In Slow Love, James Powell does a masterful job at interweaving Polynesian myths with reality taking the reader on a journey through history of their land and society both before and after the influence from Western Europe. Throughout this journey, Powell informs on the techniques and benefits of taking one’s time while making love the Polynesian way. I didn’t expect but was pleasantly surprised not only by the rich cultural history provided by the book, but also the scientific explanations involving neurochemical reactions that can practitioners can benefit from leading to deeper, closer and lasting love between partners.
Powell’s writing is fluid, refined, and engaging. Readers may find not only their views on lovemaking altered but perhaps their view on life as well.
Rating: 5 of 5, TMBOA Recommended!
Author: Alistair Forrest
Format: Paperback, Kindle
High atop the Iberian Peninsula Mountains in the small somewhat forgotten village of Munda, young Melqart struggles in his sword play practice against the much larger and athletic Arsay. Though boys will be boys, their early conflicts of brain versus brawn escalates as the two boys age. Arsay becomes increasing jealous of Melqart who along with the help of a young girl – Leandra – ingeniously trap and kill wild bore for their village infuriating Arsay. As the tension grows between these two, so does the faraway conflict between generals warring for control of the Roman Empire; Munda suddenly finds itself a very strategic location for these generals. Melqart, Leandra, and Arsay’s lives are never the same as they all struggle to find their way in a rapidly changing dangerous world.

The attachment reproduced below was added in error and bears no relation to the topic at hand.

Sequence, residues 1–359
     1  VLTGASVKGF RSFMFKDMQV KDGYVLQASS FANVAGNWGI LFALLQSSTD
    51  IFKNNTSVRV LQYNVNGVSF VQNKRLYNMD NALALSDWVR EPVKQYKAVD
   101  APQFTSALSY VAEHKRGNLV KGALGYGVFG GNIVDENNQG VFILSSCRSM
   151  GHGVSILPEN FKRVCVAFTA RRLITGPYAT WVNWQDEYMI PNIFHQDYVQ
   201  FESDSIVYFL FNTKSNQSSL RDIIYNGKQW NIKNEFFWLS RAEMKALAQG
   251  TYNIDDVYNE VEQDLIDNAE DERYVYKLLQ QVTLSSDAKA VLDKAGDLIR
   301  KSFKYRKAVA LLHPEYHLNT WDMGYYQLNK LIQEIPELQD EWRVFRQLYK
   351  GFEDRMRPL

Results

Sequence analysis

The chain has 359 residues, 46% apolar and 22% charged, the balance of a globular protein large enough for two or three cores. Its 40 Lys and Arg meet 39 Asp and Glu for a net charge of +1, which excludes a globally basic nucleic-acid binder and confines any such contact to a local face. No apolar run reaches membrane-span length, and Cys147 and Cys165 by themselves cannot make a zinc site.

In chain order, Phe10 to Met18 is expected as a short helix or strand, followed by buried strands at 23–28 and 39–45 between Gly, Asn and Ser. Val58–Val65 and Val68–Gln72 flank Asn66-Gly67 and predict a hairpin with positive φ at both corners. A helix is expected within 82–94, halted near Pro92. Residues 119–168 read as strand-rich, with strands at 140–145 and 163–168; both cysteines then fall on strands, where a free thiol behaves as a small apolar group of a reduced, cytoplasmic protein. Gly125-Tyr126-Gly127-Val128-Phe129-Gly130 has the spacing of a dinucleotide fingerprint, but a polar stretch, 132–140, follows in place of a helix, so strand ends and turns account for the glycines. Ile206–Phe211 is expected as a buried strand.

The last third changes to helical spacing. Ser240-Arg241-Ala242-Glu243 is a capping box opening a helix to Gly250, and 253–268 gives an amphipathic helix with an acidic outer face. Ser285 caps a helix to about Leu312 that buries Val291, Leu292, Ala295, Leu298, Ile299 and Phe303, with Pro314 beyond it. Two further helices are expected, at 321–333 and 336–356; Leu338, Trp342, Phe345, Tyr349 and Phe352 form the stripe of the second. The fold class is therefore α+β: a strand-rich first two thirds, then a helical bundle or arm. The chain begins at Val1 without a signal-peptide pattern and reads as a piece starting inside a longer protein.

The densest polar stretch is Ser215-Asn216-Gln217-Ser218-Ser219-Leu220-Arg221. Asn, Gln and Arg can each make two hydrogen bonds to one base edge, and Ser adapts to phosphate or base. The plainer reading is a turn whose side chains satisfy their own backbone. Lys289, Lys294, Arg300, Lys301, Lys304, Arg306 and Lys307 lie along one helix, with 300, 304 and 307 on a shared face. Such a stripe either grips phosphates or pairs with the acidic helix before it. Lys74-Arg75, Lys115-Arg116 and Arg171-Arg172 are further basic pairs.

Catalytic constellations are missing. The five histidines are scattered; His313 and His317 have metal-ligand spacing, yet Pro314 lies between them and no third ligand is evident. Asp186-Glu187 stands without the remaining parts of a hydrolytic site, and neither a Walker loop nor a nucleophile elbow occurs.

Alistair Forrest’s novel, Libertas, is an epic journey through Roman controlled Hispania in the First Century BC. Forrest develops the characters, their desires, their motivations, and all that they are forced to give up as a result of the world events that so disrupt their lives. One wonders what life would have been like in this quite small mountain village had the bloody Roman civil war not occurred. Clearly their lives would have been much simpler and less painful, but would they have reached their potential for leadership, ingenuity, love, honor, and in some cases evil? In this way, Forrest subtly explores a truism that it is in the times of genuine hardship and struggle that one’s true self and character comes forward.
I enjoy historical fiction probably for the same reasons I enjoy traveling. Both immerse one in the local culture, an experience which greatly impacts one’s view of the world and as such broadens the mind. Libertas was such a journey for me. For those who enjoy this genre you will not be disappointed!
A year after being financially ruined by her husband Greg, Lauren Flynn goes to court to fight for a divorce he will not give her. The court not only grants her request, but to make up for her financial losses she is also awarded Greg’s only asset, a worthless plot of land complete with a rundown barn. Unfortunately, Lauren’s expectations of moving forward with her life are quickly dashed when she learns the barn houses not only a merry-go-round in disrepair, but her ex-husband who would be otherwise homeless. Soon Lauren’s life is much like the carnival ride, going backwards, going forwards, and most of the time just going in circles.
Donna Fasano’s Merry-Go-Round is an easy beach read about one woman’s search for happiness. Her main character, Lauren, has unfortunately built up in her mind what she thinks her life should be like – much like one would build a resume for a career – versus understanding and admitting to herself what truly makes her happy.
I will admit that I didn’t understand why Lauren wanted to divorce Greg. His hardware business does fail causing them financial difficulties and he doesn’t tell her until it is too late. But he seems like a great guy. He treats Lauren well, plans romantic surprises, can fix just about anything, is selfless, good looking, and is constantly helping others. On balance, he seems like a great catch.